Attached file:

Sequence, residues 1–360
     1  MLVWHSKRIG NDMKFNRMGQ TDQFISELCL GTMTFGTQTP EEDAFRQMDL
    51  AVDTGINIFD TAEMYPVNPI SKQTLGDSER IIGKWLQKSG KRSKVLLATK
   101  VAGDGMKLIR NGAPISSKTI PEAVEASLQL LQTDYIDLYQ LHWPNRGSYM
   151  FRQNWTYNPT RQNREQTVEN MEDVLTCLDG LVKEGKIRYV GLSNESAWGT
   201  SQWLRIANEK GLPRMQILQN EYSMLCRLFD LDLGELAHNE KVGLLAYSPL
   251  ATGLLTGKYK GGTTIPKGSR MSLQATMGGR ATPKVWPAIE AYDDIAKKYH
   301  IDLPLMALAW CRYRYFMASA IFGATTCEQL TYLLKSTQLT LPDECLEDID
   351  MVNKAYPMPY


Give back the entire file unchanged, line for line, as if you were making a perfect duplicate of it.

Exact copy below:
Sequence, residues 1–360
     1  MLVWHSKRIG NDMKFNRMGQ TDQFISELCL GTMTFGTQTP EEDAFRQMDL
    51  AVDTGINIFD TAEMYPVNPI SKQTLGDSER IIGKWLQKSG KRSKVLLATK
   101  VAGDGMKLIR NGAPISSKTI PEAVEASLQL LQTDYIDLYQ LHWPNRGSYM
   151  FRQNWTYNPT RQNREQTVEN MEDVLTCLDG LVKEGKIRYV GLSNESAWGT
   201  SQWLRIANEK GLPRMQILQN EYSMLCRLFD LDLGELAHNE KVGLLAYSPL
   251  ATGLLTGKYK GGTTIPKGSR MSLQATMGGR ATPKVWPAIE AYDDIAKKYH
   301  IDLPLMALAW CRYRYFMASA IFGATTCEQL TYLLKSTQLT LPDECLEDID
   351  MVNKAYPMPY